‘March winds and April showers bring forth May flowers.’ Most of us are familiar with the term, but how can April have so many showers and still be one of the year's driest months?
A time of change
April is a month in transition; the long, cold winter days start to wane, and the jet stream – a band of strong winds – begins to move northwards. The chilliness of the dark months is replaced with warmth and light, but so too low pressure and, as a result, the skies open.
But there is more to our April showers than just low pressure. At this time of year, the temperature of the sea is at its lowest. Lengthening days and warming weather result in a significant increase in daytime heating. And it is this disparity – between the warm land and cold sea – that causes shower clouds to form.
How can a month be so wet yet so dry?
So, April showers really do exist. It may, therefore, be a little confusing to learn that it is one of the driest months of the year. In 2016, the Met Office recorded 179.6mm of rainfall in January, compared to just 81.6mm in April. And in August of the same year, the rain gages registered 88.4mm. Indeed, most of the UK’s rain falls between October and January.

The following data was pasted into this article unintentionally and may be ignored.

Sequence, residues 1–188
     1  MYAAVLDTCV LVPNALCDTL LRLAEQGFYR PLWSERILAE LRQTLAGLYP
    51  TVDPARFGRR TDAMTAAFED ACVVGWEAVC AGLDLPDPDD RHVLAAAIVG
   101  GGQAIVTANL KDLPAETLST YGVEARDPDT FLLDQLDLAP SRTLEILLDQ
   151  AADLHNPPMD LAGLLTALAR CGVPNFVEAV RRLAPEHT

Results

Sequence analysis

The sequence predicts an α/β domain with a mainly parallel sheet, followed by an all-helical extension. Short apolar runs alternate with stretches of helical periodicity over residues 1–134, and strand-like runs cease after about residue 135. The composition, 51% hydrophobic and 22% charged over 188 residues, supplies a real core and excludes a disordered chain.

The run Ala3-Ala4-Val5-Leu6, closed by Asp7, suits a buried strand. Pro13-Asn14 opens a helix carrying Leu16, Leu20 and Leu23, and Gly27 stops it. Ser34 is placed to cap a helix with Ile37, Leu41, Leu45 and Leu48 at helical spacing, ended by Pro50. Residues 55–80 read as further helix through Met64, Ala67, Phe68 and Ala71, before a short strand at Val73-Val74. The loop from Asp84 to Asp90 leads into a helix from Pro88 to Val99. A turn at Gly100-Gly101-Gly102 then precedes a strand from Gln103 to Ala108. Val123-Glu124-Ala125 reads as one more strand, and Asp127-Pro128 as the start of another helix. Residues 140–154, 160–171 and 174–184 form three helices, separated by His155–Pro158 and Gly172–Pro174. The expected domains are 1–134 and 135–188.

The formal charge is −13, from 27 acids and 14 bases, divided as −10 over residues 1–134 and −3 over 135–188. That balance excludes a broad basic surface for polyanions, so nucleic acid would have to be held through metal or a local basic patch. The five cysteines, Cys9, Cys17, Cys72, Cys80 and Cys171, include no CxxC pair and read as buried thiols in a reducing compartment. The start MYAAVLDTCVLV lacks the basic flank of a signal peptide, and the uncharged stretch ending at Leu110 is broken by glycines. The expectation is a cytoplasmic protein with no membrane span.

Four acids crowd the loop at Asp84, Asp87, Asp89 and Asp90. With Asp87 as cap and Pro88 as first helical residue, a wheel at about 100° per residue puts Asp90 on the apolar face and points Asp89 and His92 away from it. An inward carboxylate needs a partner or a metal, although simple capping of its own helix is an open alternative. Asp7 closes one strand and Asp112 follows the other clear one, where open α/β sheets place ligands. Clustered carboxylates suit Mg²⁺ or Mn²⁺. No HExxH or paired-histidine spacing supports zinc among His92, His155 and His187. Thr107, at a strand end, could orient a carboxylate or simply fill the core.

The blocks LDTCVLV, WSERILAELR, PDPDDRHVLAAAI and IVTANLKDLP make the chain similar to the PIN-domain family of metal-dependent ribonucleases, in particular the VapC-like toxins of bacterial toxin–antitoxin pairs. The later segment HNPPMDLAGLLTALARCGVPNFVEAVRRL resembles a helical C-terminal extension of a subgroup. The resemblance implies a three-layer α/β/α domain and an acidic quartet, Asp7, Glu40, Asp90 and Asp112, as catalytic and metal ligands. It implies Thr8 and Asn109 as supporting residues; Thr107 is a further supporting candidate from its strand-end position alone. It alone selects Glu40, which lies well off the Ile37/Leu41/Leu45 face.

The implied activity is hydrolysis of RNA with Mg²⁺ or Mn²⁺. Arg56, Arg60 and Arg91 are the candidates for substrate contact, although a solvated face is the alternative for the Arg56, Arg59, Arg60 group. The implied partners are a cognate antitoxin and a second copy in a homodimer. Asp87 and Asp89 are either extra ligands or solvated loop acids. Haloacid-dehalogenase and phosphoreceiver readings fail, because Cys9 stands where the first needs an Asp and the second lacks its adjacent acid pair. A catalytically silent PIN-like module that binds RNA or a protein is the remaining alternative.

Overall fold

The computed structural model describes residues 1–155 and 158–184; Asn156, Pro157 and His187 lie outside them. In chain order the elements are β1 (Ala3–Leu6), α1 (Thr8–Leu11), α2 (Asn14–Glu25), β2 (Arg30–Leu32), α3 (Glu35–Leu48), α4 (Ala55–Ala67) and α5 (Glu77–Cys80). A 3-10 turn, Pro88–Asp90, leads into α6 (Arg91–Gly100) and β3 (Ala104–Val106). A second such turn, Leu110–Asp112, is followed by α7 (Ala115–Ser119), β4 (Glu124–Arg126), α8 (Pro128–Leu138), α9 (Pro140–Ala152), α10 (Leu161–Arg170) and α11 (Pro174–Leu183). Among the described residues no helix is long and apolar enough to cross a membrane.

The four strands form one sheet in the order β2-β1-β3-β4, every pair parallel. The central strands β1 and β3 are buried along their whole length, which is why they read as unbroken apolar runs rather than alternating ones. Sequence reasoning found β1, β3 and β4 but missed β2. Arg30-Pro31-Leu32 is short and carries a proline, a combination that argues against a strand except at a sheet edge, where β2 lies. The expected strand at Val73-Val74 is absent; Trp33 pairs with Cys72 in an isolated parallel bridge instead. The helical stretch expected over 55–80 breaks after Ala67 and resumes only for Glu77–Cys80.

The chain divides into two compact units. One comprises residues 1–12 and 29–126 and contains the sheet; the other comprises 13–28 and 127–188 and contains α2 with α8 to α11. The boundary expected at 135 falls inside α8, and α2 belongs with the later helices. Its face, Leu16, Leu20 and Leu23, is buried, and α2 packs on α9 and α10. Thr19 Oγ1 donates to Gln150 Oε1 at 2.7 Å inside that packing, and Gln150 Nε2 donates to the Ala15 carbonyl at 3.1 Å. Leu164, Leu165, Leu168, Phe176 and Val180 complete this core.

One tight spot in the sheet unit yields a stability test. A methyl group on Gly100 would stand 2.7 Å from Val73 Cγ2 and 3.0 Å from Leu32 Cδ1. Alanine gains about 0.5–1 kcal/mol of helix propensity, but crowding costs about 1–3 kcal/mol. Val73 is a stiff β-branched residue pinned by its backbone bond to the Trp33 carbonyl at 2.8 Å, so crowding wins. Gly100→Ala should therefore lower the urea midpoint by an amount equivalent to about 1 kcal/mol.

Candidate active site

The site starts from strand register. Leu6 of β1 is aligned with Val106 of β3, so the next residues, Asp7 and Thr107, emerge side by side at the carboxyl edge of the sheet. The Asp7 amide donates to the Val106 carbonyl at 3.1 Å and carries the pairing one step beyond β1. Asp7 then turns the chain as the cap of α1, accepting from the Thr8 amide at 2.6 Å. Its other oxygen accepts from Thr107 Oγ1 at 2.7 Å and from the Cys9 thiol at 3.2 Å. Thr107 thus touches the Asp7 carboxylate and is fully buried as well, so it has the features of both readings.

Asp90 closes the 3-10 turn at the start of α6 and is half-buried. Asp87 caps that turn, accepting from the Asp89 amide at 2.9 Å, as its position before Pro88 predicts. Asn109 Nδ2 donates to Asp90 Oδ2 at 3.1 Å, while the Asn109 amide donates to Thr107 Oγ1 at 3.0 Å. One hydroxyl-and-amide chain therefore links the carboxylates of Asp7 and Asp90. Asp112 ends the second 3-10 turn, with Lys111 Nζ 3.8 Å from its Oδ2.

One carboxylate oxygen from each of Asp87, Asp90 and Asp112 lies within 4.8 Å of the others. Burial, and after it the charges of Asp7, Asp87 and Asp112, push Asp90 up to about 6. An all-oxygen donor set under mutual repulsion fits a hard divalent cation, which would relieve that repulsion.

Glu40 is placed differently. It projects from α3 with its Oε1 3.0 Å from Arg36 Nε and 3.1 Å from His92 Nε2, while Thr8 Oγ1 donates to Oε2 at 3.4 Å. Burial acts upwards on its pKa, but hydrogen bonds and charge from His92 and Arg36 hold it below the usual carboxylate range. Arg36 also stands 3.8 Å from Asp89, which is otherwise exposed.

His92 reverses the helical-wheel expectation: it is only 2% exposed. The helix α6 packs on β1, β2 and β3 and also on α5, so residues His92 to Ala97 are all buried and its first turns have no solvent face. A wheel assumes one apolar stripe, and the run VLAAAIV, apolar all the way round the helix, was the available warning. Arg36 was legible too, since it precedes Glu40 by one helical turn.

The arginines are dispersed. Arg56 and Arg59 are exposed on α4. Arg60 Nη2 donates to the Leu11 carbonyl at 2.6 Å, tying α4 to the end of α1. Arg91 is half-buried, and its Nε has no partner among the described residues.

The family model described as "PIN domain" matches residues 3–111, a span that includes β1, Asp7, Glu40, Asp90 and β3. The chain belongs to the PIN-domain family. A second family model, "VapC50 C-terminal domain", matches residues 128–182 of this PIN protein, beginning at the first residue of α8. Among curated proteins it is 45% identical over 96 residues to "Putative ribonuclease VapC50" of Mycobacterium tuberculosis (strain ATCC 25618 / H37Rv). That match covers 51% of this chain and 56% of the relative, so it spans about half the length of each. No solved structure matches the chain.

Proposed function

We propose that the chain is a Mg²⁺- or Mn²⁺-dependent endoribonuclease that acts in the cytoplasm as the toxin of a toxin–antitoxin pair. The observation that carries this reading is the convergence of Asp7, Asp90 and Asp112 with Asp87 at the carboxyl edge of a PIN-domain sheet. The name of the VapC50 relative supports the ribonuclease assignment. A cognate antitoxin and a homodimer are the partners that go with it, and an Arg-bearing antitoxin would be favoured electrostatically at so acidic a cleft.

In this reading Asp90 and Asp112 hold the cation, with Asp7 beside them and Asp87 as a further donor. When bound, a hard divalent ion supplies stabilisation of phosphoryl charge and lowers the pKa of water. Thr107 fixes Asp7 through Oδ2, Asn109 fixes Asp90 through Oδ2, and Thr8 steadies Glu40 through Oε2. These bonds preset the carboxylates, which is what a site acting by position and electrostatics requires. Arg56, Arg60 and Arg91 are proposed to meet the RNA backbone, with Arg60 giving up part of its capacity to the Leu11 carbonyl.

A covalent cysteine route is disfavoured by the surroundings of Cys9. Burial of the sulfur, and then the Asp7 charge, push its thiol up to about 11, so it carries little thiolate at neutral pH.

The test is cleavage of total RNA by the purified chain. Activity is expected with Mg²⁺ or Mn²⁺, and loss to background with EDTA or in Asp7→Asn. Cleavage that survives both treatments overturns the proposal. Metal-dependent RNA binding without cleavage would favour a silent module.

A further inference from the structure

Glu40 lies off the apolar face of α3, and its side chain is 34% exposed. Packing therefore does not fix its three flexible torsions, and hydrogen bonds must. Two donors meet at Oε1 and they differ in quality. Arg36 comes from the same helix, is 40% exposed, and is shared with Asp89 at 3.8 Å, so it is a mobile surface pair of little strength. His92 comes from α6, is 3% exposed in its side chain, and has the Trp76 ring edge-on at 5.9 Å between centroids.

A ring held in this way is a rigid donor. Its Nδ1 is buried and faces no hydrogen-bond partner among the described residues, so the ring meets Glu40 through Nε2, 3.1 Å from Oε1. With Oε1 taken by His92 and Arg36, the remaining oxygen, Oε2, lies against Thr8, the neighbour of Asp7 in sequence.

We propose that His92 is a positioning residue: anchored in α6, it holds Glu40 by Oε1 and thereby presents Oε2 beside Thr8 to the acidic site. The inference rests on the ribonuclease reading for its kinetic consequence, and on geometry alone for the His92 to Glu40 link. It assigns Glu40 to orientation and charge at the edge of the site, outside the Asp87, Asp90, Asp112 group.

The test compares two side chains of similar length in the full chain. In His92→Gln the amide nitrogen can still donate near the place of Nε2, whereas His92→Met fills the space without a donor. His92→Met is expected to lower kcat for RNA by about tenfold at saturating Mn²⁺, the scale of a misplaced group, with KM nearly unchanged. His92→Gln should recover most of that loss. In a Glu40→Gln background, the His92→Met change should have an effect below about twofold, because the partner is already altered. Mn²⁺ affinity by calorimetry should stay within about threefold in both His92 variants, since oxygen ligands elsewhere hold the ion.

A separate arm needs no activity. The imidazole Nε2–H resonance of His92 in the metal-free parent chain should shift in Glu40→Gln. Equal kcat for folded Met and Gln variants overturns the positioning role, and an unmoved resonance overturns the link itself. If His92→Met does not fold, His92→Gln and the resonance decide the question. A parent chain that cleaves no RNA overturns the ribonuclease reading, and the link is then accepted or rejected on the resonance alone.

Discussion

There is a reason for all this confusion, of course. The answer lies in the terminology: rain and showers are not the same thing.
So, what is the difference rain and showers?
Rain is precipitation that falls from a weather front – a boundary between two bodies of air. Often stretching over hundreds of miles and comprising various cloud types, these fronts result in precipitation falling over wide areas, often for many days.
Showers, in contrast, are produced by cumulus or cumulonimbus clouds. In spite of their impressive appearance, their scale is dwarfed by that of a front, and precipitation will seldom last longer than a few hours.
For more information on UK weather, visit the Met Office.
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